More influential through his live performances than his scant recordings, Brigadier Jerry was one of Jamaica's top DJs at the dawn of the dancehall era. A brilliant lyrical improviser, Briggy — as he was affectionately known — elevated the standards for speed and fluidity in DJ chatting technique, laying the groundwork for much of what followed, along with Josey Wales and Charlie Chaplin. Despite early dancehall's taste for slackness, Jerry's subject matter was almost always spiritual and cultural, though he did have a sense of humor and was an excellent battle DJ. Still actively touring in the new millennium, he also still commanded much of the respect — among knowledgeable reggae audiences — that he did in his groundbreaking heyday.
Brigadier Jerry was born Robert Russell in Kingston on September 28, 1957. He started his career in show business by trying standup comedy in his early teens, but soon moved on to work for sound systems. He started out at the legendary U-Roy's King SturGav Hi-Fi system in the early '70s, and soon moved on to the Jah Love Muzik system; this latter was run by the Christian Rastafarian sect to which he belonged, the Twelve Tribes of Israel. While with Jah Love, bootleg cassette tapes of his live performances began to circulate among DJ aficionados, resulting in packed houses wherever he played. Despite his sterling underground reputation and influential, melodic toasting style, Jerry was barely represented on record until 1982. He'd previously cut several tracks for Studio One, including "Every Man Me Brethren" and "Dance in Montreal," and appeared on several local singles with other Twelve Tribes members. In 1982, he cut a new version of the Slim Smith riddim "Never Let Go," which he retitled "Pain" and released on the small Jywanza label. It was a major hit, rocketing to the top of the Jamaican charts.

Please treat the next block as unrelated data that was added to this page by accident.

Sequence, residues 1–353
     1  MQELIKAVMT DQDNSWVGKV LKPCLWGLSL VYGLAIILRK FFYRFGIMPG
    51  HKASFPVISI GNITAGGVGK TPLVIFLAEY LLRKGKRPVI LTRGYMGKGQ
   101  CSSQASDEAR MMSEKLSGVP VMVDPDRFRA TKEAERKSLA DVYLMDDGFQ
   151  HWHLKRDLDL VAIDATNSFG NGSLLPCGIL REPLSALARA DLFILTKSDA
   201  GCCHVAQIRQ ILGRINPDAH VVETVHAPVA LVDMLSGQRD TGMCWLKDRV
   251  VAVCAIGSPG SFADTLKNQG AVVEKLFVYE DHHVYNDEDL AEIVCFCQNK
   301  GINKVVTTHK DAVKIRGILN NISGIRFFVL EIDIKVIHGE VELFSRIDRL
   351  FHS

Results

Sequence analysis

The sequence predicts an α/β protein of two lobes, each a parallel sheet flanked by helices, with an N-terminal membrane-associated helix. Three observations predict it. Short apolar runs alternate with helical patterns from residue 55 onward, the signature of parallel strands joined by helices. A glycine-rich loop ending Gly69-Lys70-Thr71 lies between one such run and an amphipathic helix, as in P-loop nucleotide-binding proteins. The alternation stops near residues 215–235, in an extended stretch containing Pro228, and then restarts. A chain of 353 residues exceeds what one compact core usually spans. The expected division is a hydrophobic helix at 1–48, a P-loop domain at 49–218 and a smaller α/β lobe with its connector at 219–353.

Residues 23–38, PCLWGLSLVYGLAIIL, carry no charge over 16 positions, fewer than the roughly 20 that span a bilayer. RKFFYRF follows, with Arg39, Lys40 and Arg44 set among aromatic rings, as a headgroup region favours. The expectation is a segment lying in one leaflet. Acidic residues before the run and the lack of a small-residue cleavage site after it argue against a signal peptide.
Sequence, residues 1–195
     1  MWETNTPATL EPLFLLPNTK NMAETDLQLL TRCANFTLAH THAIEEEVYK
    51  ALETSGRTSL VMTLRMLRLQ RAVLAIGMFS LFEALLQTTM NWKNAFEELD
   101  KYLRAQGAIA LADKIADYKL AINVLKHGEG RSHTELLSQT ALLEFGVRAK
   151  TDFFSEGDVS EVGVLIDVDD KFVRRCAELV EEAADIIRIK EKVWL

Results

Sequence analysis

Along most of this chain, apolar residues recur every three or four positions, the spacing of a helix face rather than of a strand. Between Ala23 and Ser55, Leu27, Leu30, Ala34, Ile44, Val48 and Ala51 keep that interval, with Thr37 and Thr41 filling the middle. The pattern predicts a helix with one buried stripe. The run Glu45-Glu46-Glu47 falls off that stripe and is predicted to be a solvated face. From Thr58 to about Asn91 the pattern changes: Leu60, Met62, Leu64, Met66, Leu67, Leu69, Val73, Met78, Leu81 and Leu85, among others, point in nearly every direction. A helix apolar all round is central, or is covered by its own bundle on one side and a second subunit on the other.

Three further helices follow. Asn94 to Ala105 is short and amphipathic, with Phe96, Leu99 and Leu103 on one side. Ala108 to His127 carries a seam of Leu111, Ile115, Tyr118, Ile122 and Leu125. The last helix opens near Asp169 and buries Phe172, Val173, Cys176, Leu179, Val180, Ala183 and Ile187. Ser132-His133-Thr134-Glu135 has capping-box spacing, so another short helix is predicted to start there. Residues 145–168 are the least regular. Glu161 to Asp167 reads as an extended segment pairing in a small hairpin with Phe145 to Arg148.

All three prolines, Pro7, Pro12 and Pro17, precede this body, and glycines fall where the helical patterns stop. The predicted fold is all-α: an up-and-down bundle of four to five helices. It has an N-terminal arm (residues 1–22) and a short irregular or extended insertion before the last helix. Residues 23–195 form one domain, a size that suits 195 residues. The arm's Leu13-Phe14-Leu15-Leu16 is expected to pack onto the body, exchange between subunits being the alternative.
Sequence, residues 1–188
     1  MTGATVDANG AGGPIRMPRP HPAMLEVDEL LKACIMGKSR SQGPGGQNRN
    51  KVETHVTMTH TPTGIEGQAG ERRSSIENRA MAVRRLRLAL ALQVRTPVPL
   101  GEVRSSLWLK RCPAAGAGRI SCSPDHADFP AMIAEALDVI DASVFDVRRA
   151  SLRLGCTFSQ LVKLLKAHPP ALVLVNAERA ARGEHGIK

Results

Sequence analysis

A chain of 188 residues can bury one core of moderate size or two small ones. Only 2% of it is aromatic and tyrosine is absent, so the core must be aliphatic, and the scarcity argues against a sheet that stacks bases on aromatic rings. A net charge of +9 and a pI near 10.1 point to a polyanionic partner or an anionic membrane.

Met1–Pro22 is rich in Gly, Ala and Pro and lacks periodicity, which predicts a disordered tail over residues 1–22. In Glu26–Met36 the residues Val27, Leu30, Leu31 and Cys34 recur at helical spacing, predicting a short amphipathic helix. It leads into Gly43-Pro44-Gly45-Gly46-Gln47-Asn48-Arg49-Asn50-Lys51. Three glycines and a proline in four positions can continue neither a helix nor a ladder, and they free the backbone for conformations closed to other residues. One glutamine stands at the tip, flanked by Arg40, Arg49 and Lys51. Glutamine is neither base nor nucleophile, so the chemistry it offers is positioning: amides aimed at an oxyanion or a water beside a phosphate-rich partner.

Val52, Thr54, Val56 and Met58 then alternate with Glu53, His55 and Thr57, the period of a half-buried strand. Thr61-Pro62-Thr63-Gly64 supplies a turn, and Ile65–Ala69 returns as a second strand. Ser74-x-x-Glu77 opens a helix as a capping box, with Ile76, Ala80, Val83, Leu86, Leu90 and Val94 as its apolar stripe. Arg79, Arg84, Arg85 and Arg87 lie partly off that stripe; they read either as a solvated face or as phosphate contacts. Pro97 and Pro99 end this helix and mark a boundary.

Further singles followed over the next couple of years: "Gwan a School" (Jywanza), "Horse a Gallop" (Powerhouse), "Warn Dem" (for Judy Mowatt's Ashandan label), and the 1984 hit "Jamaica, Jamaica" (on Jah Love Muzik's own label). Meanwhile, he also mentored the career of female DJ Sister Carol, and DJed for nearly every prominent sound system in Jamaica. A semi-official live album, Live at the Controls, appeared in 1983, but he didn't record his proper debut LP until 1985. Also called Jamaica Jamaica, it was the closest he came to capturing the excitement of his live gigs in the studio, and featured several signature tunes in the title track, the aforementioned "Every Man Me Brethren," and "Armagiddeon." Several more singles followed over the rest of the '80s, but Jerry remained a live DJ at heart. He relocated to New York on a permanent basis from 1988-1991, and only put together a second album with 1990's On the Road.
In 1992, Jerry returned to Jamaica and revived the Jah Love Muzik sound system; he also recorded his third proper album, Hail Him, for Tapper Zukie's label. Another album, Freedom Street, appeared on the VP label in 1995. When U-Roy reactivated his King SturGav Hi-Fi sound system, Jerry joined up as a regular, and has since toured extensively with it around the globe, while releasing the very occasional single. ~ Steve Huey